The main reason i switched was that i wanted was to be able to move wordpress into the top level directory, from /blog/. so i figured i’d try and do it all in one fell swoop. what’s more fun than trying to do something “mission critical” in a language you’ve just learned? so here’s what i added to my .htaccess file:

<IfModule mod_rewrite.c>
RedirectMatch 301 /blog/index.php/(.*) /blog/$1
RedirectMatch 301 /blog/wp-content/(.*) /wp-content/$1
</IfModule>

the first line is for old URL’s. the second line is for anything i uploaded and referenced in a post (especially images). so far both seem to be working. (i found the RedirectMatch example on this page). And, since you’re reading this, the CNAME record seems to have been set up, although i had to file a support ticket for that.

UPDATE: i forgot that i’d also added a prefix to my permalink structure (/blog/) so my redirects were all failing. should be fixed now (code updated)

Linkslist

linkslist screenshot

The Links List is now preserved for posterity in the new plugin directory. It’s a lot simpler than i imagined, although it seems that the old plugin site doesn’t see it as a new plugin (not that i wanted it to), so i imagine that frontend is going to be deprecated pretty quickly (or maybe that’s just wishful thinking).

I’m still hoping this doesn’t mean there will be a similar new directory for themes, since

  • the licensing needs are substantially different
  • the potential for abuse is higher (people uploading themes they don’t have the rights to)

It wouldn’t be without benefit, but i don’t see it having the same feeling that the plugin directory does. And, as I’ve said before, themes will find their own repositories and homepages, regardless of the presence of an official repository. whether it’s designers being fussy, or the nature of skins and themes being somewhat “other” is up for debate, but it’s unlikely that wordpress will ever find that one home for wordpress themes.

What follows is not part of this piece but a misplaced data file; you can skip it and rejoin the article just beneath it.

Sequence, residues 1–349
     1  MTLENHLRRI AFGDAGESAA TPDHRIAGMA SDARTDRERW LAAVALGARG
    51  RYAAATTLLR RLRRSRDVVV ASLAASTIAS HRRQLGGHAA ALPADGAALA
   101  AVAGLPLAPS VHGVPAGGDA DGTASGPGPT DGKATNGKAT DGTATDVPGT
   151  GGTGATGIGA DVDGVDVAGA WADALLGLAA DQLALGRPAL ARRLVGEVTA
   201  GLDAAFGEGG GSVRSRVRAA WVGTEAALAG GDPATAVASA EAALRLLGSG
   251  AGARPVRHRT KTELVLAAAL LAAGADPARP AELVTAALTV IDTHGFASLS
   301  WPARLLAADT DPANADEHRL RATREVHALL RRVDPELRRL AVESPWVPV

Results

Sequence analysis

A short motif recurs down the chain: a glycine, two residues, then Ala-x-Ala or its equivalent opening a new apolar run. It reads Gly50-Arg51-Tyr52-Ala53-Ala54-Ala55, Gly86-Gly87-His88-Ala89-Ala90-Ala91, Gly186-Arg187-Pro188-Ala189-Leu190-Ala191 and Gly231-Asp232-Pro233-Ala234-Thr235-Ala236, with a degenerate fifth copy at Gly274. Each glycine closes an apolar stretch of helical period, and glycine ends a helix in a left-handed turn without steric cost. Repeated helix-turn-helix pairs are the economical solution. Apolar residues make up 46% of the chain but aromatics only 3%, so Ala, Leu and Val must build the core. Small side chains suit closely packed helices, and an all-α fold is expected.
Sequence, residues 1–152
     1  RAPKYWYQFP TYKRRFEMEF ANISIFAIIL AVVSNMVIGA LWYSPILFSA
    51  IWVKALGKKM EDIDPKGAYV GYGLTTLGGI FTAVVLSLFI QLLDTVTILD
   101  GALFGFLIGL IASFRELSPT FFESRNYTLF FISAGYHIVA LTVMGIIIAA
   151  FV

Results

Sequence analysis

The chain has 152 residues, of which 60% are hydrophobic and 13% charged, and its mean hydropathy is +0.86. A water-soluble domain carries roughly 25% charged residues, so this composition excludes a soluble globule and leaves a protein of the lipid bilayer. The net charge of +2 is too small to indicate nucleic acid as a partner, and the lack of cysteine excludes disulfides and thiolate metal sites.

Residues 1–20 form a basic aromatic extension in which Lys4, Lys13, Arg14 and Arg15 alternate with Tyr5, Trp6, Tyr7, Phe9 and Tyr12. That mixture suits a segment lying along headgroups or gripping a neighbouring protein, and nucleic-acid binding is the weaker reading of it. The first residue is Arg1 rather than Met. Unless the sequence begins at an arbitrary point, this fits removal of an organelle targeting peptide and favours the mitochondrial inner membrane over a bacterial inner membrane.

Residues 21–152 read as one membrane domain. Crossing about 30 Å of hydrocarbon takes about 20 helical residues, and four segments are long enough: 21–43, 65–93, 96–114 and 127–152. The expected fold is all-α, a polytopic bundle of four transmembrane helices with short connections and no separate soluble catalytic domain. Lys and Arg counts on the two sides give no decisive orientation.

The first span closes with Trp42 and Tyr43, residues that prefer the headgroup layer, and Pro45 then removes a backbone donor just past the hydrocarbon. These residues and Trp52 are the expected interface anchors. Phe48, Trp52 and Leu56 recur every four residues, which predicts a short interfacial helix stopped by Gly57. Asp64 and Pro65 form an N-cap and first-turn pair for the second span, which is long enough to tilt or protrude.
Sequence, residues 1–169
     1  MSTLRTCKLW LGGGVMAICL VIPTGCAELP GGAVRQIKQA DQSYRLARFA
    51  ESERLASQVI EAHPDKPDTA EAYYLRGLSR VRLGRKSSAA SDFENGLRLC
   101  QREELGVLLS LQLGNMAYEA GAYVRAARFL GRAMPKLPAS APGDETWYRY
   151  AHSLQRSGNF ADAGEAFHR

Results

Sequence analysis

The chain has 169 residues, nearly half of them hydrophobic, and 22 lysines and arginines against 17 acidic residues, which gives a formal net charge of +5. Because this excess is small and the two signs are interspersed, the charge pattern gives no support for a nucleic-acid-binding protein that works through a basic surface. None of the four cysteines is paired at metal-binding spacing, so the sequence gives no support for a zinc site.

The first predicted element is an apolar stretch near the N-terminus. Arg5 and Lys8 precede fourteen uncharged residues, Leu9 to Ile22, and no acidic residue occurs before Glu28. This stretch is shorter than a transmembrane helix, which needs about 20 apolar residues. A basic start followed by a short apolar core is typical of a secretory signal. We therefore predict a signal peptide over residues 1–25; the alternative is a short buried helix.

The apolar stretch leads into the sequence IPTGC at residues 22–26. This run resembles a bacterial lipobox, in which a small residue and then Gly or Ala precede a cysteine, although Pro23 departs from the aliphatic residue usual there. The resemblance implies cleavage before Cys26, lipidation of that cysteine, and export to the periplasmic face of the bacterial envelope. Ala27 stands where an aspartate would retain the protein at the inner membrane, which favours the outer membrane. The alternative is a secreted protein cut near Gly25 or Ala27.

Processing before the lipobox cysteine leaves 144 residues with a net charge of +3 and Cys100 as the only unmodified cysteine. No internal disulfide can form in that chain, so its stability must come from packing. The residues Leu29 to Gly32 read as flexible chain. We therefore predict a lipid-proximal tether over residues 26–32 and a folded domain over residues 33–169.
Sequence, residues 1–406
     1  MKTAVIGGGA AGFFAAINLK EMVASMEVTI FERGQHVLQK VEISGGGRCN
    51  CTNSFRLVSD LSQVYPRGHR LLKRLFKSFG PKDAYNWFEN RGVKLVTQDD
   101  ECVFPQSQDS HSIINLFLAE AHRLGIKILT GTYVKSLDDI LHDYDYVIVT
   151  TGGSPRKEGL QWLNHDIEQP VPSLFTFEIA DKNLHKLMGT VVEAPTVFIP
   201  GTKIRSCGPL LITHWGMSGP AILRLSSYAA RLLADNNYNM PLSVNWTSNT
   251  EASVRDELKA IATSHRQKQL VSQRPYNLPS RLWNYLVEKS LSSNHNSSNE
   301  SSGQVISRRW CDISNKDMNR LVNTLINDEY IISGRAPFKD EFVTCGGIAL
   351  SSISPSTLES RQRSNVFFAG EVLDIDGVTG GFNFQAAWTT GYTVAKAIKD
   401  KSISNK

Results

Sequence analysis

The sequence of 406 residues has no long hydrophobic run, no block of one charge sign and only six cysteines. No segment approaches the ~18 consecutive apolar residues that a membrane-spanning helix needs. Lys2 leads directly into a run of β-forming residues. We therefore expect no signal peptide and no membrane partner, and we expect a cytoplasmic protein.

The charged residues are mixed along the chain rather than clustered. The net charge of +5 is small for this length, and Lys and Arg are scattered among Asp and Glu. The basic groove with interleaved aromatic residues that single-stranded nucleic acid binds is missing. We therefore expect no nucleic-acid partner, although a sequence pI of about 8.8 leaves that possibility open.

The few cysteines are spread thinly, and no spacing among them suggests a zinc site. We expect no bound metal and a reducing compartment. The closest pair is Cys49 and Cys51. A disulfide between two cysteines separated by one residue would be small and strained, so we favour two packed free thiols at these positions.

SF.net PT 2: Setting up a demo site

Part 1 was easy. it’s all GUI stuff, that you can figure out by poking around. Part 2 is the reason I started writing this down. The only way to maintain your sourceforge.net website, is via SSH (and by extension, sFTP). Programs you will need:

install WinSCP, and get started!

Hosting a theme on Sourceforge, PT. 1

The advantages of sourceforge hosting are all things that all themes should have: demo blog, screenshots, download stats, nationwide download mirrors, SVN repository, bug tracker, forums. All things you could provide from your own web host, but not only would it cost a fair chunk, having bugs and support show up as comments on your blog can get to be a bit unweildy. For any GPL theme, sourceforge hosting is Free as in beer. unfortunately, getting set up on sourceforge isn’t a cakewalk. so i’m going to attempt to index their documentation in a more straightforward manner. Part 2 will explain how to install wordpress on your project’s website, to give you a fully featured demo site.

This gets a tad long

Orb 2.0

it took forever to get Orb 2.0 installed, but now ‘mycast’ is one of their major features, so perhaps the image hosting is a little less volatile:
you should be seeing an image here

(and no, that’s not my image, it’s from a friend of mine’s masters thesis. but yes, ambient occlusion is really hot.)